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Let’s Have a Look-See at The Carhart Mansion

Your Mama thought it might be fun–or at least fun for us–to begin 2010 with some good, ol’ fashioned real estate porn. So jump on yer imaginary jets ands high tail it to Noo York City where it’s currently quite cold and where we’re going to have a look-see through the hallowed halls of The Carhart Mansion (above), an 87-foot wide neo-classical monster on tree-lined East 95th Street at Fifth Avenue.

The Carhart Mansion was originally designed by high society architect Horace Trumbauer in 1916 and expanded in the early naughts by Zivkovic Connolly Architects in association with much lauded London based classical architect John Simpson. The front facade gives the appearance of two side-by-side townhouses when in fact it is really one building containing four capacious condominiums. The Carhart Mansion is situated at the northern edge of the Upper East Side in what is called the Carnegie Hill neighborhood, which officially extends only one more block north to East 96th Street. In fact, The Carhart Mansion is so far north that some Upper East Side real estate snobs scoff and poo-poo its East 95th Street address as being far too far north for proper society and one high-nosed nabob Your Mama is acquainted with once hissed in our ear that, “The Carhart Mansion is so far north it might as well be Harlem, darling.”

Listen puppies, don’t be fooled by the boorish but high-larious bon mot offered by Ned Nabober. In truth, the block of 95th Street immediately off Central Park is a super swish enclave lined with elegant, well-preserved and substantial townhouses that drip with architectural gravitas and are inhabited by some of the hoitiest of New York’s toitiest and certainly the charmingly musty, long standing but somewhat anachronistic geographical real estate rules strictly adhered to by many old-school Upper East Siders have not stopped big names and even bigger bank accounts from setting up house in the four capacious condominiums carved out of the two conjoined and aristocratic edifices that are swathed in Indiana limestone and heavy with historic, elaborate and deeply dignified architectural articulation.

Now then, buckle your seat belt babies because Your Mama feels a long wind blowing through our gin sotted mind. Let’s begin at the bottom and work our way up from the triplex that encompasses significant portions of the basement, first and second floors and up to the doo-plex penthouse with its six–that’s right chickens, you read that right–six terraces. The main entrance to The Carhart Mansion is through carved wood doors–opened by a round the clock doorman, natch–to a small entrance vestibule that in turn opens to a short flight of stairs that leads to the main lobby where a private concierge sits quietly and patiently waiting to perform every beck and call of the few and economically privileged residents.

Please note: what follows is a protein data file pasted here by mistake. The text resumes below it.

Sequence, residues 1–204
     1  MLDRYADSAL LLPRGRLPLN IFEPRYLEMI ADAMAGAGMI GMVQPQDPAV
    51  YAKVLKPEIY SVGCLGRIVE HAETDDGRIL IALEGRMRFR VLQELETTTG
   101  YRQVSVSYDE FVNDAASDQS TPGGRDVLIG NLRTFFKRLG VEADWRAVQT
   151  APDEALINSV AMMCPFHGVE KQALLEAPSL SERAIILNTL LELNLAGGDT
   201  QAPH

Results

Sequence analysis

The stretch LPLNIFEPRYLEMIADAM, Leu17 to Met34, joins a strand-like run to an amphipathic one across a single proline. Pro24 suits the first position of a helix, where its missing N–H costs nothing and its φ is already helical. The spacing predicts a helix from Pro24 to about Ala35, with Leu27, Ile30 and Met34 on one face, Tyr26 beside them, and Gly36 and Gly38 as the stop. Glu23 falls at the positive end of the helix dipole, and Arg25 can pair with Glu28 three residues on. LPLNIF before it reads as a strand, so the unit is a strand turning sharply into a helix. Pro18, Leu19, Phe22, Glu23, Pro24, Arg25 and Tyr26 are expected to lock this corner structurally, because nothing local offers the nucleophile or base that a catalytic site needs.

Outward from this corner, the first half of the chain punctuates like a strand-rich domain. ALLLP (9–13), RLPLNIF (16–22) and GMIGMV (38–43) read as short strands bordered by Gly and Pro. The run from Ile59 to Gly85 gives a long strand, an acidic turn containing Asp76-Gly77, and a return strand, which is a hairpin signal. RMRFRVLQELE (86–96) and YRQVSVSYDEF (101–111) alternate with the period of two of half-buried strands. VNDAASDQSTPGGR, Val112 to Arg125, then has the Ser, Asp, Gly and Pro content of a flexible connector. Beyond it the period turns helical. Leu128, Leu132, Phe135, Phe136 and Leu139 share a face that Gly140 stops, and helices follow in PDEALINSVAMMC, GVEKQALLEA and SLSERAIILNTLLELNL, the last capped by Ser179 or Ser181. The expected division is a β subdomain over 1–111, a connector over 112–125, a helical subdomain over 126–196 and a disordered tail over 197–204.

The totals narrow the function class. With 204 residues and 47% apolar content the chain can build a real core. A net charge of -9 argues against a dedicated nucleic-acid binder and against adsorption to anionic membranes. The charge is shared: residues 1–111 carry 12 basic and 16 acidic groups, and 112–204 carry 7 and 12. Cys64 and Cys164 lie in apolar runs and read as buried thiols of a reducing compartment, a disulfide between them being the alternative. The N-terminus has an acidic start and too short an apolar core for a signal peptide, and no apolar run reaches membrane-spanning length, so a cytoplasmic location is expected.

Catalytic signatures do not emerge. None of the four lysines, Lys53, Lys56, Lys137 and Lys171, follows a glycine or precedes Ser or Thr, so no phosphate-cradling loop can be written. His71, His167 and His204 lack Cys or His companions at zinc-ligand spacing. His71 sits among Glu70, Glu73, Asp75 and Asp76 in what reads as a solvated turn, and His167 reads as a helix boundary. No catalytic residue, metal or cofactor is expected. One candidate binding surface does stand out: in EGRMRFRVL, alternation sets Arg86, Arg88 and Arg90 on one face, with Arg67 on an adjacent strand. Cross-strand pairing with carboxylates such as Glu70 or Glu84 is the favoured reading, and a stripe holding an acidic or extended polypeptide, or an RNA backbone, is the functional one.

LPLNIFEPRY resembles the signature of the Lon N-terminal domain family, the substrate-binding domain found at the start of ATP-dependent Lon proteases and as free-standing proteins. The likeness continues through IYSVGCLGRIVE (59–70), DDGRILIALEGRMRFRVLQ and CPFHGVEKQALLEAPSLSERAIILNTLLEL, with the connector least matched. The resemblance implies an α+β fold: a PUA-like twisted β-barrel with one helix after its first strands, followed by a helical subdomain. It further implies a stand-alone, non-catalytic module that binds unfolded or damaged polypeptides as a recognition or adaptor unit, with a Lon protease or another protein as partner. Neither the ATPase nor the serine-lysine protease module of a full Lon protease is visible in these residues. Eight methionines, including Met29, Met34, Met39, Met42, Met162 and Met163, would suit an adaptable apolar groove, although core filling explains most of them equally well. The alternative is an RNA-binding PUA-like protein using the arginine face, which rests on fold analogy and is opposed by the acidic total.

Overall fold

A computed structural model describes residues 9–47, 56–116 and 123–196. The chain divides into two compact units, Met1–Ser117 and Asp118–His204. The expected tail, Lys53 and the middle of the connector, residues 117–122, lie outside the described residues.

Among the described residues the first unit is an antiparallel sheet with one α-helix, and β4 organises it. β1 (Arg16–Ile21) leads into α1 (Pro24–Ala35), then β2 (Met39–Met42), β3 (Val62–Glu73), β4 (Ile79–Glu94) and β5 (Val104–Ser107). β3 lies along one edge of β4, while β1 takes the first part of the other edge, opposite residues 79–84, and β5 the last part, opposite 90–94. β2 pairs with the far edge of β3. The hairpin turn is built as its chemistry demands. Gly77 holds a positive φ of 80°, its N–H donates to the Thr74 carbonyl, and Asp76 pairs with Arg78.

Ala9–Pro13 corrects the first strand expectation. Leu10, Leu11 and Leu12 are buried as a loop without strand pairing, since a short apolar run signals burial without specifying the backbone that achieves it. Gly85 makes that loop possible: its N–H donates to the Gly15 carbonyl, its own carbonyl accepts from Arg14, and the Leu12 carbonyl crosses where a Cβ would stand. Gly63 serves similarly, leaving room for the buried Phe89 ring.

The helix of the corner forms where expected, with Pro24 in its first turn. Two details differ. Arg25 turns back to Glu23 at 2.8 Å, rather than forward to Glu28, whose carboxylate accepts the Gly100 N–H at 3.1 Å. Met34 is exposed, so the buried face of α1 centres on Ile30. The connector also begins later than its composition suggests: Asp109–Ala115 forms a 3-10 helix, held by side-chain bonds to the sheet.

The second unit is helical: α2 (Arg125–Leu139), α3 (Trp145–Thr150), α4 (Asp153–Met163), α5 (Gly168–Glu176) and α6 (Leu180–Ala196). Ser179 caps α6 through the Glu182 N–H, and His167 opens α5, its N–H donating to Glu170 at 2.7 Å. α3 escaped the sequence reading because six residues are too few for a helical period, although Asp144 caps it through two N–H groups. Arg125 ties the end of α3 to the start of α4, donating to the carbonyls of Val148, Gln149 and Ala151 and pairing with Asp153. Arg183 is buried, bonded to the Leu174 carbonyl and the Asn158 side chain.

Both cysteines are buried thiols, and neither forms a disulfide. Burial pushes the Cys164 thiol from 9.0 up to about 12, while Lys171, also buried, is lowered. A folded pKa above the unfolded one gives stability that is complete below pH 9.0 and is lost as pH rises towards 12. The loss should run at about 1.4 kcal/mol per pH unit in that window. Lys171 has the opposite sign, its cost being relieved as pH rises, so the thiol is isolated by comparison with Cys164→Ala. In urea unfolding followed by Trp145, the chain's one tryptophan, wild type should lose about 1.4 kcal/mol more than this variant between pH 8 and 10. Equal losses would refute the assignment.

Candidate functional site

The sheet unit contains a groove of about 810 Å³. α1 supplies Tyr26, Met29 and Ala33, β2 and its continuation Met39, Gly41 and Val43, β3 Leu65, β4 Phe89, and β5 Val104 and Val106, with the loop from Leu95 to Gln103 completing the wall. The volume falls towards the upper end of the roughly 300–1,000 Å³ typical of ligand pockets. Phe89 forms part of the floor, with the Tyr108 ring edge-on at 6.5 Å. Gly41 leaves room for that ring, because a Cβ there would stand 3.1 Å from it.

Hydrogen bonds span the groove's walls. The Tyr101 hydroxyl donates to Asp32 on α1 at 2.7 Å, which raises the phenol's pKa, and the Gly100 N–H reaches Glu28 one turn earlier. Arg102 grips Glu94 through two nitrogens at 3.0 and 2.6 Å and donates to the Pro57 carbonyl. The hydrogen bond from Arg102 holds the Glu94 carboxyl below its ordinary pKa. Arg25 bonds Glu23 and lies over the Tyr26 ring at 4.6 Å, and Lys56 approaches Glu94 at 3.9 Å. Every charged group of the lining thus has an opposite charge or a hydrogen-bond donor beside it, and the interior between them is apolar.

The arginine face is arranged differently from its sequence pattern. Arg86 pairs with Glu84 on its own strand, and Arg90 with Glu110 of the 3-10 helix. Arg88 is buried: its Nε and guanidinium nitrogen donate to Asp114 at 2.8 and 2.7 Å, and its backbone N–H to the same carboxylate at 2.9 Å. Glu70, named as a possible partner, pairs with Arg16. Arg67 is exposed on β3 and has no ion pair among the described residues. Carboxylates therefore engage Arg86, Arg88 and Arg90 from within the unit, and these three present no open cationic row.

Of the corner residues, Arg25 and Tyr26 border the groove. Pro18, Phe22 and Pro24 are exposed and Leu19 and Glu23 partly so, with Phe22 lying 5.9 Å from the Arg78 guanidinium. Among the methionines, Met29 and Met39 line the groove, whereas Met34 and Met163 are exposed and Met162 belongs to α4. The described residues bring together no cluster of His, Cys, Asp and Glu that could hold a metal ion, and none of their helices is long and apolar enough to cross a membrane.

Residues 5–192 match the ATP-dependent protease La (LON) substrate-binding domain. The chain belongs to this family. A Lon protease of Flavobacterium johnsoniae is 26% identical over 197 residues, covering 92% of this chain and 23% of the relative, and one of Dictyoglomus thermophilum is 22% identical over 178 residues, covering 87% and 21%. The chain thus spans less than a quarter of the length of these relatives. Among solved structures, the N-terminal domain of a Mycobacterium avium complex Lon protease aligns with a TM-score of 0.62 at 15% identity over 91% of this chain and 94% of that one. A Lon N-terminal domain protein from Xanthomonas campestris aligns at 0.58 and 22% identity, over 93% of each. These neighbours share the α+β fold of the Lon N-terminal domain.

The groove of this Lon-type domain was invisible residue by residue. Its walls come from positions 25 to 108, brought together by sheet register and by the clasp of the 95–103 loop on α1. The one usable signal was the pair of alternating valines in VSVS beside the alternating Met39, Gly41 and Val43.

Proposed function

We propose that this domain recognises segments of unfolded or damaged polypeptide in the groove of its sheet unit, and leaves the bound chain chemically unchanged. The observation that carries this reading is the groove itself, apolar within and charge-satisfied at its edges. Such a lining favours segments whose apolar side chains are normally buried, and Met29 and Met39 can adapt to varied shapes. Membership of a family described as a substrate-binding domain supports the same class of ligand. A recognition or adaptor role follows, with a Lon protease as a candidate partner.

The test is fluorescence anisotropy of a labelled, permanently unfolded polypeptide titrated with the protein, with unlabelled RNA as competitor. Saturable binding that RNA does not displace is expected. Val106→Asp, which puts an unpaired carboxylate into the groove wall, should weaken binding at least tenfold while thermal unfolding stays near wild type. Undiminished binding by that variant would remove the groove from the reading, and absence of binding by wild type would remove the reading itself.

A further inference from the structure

The Triplex
The first apartment Your Mama is going to discuss and work over is the triplex unit that encompasses significant portions of the basement/garden level, first, and the second floors. Property records reveal the unit was purchased in March of 2006 by Kathryn and Kenneth Chenault who laid out a breath taking $21,500,000 for their titanic triplex maisonette. Mister Chenault, currently the Chairman of the Board and CEO of American Express, earns nearly 30,000,000 clams a year which explains how he and the wifey can afford to buy and maintain unimaginably dee-luxe digs that measure, according to marketing materials, 14,550 square feet of interior space and include another 1,720 square feet of private garden and terrace. Altogether, the apartment includes 15 rooms, an prairie-like 1,100 square foot living room, 5 bedrooms–including a elephantine 1,100+ square foot master suite with two clothes-horse friendly dressing rooms and a 5-star pooper–4 additional private poopers and another 5 powder poopers. Other numbers to ogle over are the apartment’s 21 closets, 5 fireplaces–plus a sixth decorative one, 3 sizable storage rooms, and 2 butler’s pantries–one on the kitchen level, one on the dining room level–conveniently connected by a dumb waiter.


The children will notice that the Chenault’s colossal condo has no fewer than four separate public entrances: A door that opens directly into the apartment from the main lobby of the building; A private elevator that services all three floors of the apartment as well as the main lobby which sits, roughly, halfway between the basement/garden level and the first floor; Via a door on the street that opens to a vestibule that leads to the library as well as the condo’s palatial stair hall; Another door that opens from the street into a double height “chamber alcove” with a set of tightly winding stairs that give access to a second level bedroom. This bedroom, with its private entrance, is well suited to dee-luxe staff quarters for someone like Your Mama and the Dr. Cooter’s rough talking house gurl Svetlana who will threaten bodily harm if made to sleep in a closet sized room behind the kitchen or possibly as guest quarters for folks like Your Mama’s bff Fiona Trambeau who has a bad habit of bringing rough trade home after a long night of booze imbibing and hip swiveling.

The lowest level contains some of the less formal rooms and service areas including an approximately 600 square foot eat-in kitchen with two walk-in pantries and a Volkswagon sized work island, a family room that, like the kitchen, also opens through French doors to the private garden, a trio of storage rooms, an exercise room–which could probably be used as a staff bedroom if necessary, laundry facilities and three of the apartment’s five powder poopers.

In addition to the Manhattan 2-bedroom apartment sized living room, which opens to a terrace through four French dooors, the main level offers soaring ceilings, scads of original architectural detailing, a charity event sized dining room, over-sized stair hall, library, 2 powder poopers, and a bedroom sized bar area that serves as passage to a window lined gallery that leads to a nearly hidden den at the front of the building.